Consider a government with a nascent public administration and a shambolic civil service. That is, a fledgling government beset by political and administrative difficulties, as well as a lack of finance and capacity to run and deliver public goods and services. Nearly two billion people, including nearly half of the world’s poor, now live in countries with ineffective governments beset by instability and violent conflict cycles.

Governments at all levels, local, regional, state, and federal, have had a role in generating and preserving racial disparity since the founding of our country. A wide range of laws and policies were enacted, affecting everything from voting rights to citizenship, property ownership, and where people may live. Laws and policies enacted during the Civil Rights Movement aided in the formation of good reforms, particularly in dealing with explicit instances of discrimination. Despite advances in combating blatant discrimination, profound, pervasive, and long-standing racial disparities persist across the country. Racial disparities persist in all areas of fulfillment, including education, criminal justice, employment, housing, public infrastructure, and health, regardless of locale.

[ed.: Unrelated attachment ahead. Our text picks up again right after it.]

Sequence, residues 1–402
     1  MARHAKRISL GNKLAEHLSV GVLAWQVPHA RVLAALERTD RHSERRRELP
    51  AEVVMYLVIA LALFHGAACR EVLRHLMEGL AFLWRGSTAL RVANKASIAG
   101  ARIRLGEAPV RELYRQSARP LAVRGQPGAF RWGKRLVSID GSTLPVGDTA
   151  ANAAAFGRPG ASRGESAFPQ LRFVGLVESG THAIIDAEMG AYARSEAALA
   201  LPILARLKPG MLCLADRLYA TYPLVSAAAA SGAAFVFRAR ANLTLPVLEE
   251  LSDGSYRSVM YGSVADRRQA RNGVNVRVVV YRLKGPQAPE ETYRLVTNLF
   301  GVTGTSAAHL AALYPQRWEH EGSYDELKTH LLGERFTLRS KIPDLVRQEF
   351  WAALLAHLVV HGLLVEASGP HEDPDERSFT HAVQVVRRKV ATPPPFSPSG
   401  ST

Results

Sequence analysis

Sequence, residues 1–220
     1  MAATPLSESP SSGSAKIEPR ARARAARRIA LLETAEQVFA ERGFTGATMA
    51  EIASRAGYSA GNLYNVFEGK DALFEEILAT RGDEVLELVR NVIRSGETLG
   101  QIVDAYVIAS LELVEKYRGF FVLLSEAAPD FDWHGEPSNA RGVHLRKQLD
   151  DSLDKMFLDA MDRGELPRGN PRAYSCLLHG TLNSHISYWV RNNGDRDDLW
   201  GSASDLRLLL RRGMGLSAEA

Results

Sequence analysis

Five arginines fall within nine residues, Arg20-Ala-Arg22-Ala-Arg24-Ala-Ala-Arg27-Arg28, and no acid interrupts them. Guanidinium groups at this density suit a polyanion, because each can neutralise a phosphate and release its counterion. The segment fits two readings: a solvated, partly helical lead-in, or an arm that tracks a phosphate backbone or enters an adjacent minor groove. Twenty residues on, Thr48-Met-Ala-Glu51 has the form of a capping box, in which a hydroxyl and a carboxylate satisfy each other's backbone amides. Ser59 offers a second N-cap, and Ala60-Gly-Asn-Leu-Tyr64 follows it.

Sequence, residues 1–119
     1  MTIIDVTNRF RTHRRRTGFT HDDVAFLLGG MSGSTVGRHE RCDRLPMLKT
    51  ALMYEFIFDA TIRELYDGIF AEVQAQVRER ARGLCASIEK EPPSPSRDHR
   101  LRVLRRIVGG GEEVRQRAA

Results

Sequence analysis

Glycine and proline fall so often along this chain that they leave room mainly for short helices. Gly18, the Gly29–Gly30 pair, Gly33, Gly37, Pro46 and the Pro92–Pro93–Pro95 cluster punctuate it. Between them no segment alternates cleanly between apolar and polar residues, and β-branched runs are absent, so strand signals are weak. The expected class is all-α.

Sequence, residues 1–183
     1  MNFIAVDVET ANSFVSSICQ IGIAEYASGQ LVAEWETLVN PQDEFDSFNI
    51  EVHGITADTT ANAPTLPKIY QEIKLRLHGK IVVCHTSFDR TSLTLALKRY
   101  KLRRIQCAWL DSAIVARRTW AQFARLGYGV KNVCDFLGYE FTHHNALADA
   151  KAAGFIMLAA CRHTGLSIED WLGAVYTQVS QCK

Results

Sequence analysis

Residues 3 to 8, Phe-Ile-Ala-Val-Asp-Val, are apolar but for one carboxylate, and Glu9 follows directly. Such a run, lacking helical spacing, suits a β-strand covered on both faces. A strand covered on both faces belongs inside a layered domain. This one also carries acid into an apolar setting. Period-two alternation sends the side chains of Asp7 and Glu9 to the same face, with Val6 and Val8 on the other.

Consider the funding of schools, as well as the relationship between racial and economic segregation in housing. Clearly, we are not living in a “post-racial” culture, and while there is a strong link between race and intelligence, simply discussing class is insufficient.

To achieve greater systemic change, municipal and regional governments have the freedom to execute volte-face at various levels and across multiple sectors. Many municipal governments, for example, have tried to reduce recidivism and racial injustice by enacting “ban the box” legislation that prohibits the use of criminal background checks in decision-making. As a result, the state of Minnesota adopted this policy, and a big corporation, Target, modified its policy not only at the state level but also nationwide.

It’s crucial to remember that improvements must be sustainable in order to have a long-term influence. Working for racial justice at the local and regional levels can result in meaningful education with the community and other institutions, which can help to assure long-term success.